• Narrative Therapy with Young People: What Externalising Practice and Use of Letters Make Possible— Dave McGibbon

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    This paper explores how preferred identities of young people can be made more visible through externalising practices and the use of therapeutic letters.

  • A storyline of collective narrative practice: a history of ideas, social projects and partnerships— David Denborough

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    Collective narrative practice is an emerging field. Building on the thinking and practice foundations of narrative therapy, collective narrative practice seeks to respond to groups and communities who have experienced significant social suffering in contexts in which ‘therapy’ may not be culturally resonant. This paper tells a story of this emerging field. It describes the author’s journey through the intellectual history of six key aspects of narrative therapy as well as richly describing a range of social projects and partnerships. In doing so, this paper provides an historical foundation to the emerging field of collective narrative practice.

  • The chasing of tales: Poetic licence with the written word in narrative practice— Carmen Ostrander

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    This paper explores narrative applications of the written word in practice, including recreations of innovations I have been drawn to in my reading and through conversations with people who have supported my development as a therapist. It also describes applications that extend the therapeutic use of the written word in the spirit of playfulness and creativity I believe to be at the heart of narrative innovation. Narrative influences on the written word in administrative contexts, letter writing, note taking and other creative forms are described, communicating the influence of a year immersed in narrative ways of working.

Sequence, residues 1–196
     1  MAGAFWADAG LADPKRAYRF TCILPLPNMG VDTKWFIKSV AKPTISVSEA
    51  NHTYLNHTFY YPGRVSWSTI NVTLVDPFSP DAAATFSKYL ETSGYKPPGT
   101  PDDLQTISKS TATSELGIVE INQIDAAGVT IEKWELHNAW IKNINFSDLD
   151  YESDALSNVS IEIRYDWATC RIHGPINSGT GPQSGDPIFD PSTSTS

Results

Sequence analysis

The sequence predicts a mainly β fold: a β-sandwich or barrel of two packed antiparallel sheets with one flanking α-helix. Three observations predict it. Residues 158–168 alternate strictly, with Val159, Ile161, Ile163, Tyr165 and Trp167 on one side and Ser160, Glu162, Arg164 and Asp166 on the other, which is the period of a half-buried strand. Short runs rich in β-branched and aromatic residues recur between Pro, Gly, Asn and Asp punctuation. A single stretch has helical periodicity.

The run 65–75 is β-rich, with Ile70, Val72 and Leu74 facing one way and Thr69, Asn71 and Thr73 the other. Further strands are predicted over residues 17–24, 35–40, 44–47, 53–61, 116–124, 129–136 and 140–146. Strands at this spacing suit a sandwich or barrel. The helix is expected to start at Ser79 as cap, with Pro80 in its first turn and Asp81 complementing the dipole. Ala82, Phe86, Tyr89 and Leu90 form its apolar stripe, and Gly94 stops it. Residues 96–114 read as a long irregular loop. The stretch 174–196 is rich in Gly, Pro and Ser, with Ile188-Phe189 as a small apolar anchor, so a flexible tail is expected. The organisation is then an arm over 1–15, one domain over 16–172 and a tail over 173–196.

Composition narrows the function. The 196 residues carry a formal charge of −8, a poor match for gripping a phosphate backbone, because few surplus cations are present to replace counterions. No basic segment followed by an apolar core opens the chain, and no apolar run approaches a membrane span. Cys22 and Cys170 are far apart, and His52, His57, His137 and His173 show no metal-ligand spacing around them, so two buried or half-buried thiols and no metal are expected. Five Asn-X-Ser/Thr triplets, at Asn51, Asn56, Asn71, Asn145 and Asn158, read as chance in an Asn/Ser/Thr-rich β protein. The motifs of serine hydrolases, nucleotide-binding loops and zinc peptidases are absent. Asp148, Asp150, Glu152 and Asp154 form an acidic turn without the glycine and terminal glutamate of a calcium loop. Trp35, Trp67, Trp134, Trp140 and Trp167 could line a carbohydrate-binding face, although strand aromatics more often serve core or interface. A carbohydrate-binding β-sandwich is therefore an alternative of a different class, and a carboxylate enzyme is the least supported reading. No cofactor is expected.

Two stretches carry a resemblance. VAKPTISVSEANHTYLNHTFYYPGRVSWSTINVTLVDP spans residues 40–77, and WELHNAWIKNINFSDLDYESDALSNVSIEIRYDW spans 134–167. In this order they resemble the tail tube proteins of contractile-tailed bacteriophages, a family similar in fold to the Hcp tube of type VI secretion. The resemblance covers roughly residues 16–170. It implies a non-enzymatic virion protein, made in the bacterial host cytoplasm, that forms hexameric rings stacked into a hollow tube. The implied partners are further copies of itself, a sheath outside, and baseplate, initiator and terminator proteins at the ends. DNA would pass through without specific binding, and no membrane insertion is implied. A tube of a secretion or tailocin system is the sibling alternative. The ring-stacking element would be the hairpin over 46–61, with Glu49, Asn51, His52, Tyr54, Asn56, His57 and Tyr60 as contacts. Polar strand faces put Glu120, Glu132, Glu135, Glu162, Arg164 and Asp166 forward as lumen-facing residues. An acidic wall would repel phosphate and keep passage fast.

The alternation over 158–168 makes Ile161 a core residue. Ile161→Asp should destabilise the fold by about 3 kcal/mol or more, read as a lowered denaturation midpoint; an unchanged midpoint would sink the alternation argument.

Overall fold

• The Goodbye Feelings: Working with Children Living in Two homes – One with Mum and One with Dad— Carolyn Markey

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    Through descriptions of counselling conversations, this paper explores ways of working with children who are affected by parental separation and who move between two households. It includes extracts of conversations, therapeutic letters and a graph drawn by the child concerned.

2,021 Comments

  1. Thank you to Tileah for a wonderful presentation. I love hearing the word “yarn” used in this powerful way (Americans also have that term). The practice of “translating”, of shifting concepts into language that can be more usefully heard, is very powerful. As coaches we can make good use of this to help clients uncover their hidden or forgotten resources.

  2. These stories are amazing examples of what we can discover when we hold onto our “beginner’s mind” and remember that the other person (client, patient) has the information and understanding, not us. We talk a lot in leadership development about “co-creating” and I think this is a beautiful example of two very complementary roles: the person who has the story and the person who helps to explore and shape it.

  3. I like the idea of narrative – there is something about giving people the power to create a narrative, rather than simply appearing in a story told by someone else. Within the narrative metaphor, I especially enjoy the fabric metaphor – the idea of strands. These may touch each other, or not, may go well together in tone or color, or not. But again, there is some power in creating and weaving the narrative.
    In my own work with coaching and leadership development, I find that the emphasis on narrative(s) helps make things more tangible, and therefore brings them to their true scale, instead of letting them take on imaginary and unclearly described proportions.

  4. I love this. Telling our stories in ways that make us stronger. Such a powerful sentiment. Sometimes through trauma, it is hard to access the words that really encapsulate that experience – though using the written word does help us access those hard to utter parts of our memories … in those cases though perhaps the story we tell ourselves is not one that makes us feel strong in the first instance – so finding a way to tell that story in a way that focuses on the strength of surviving to tell that story is just amazing!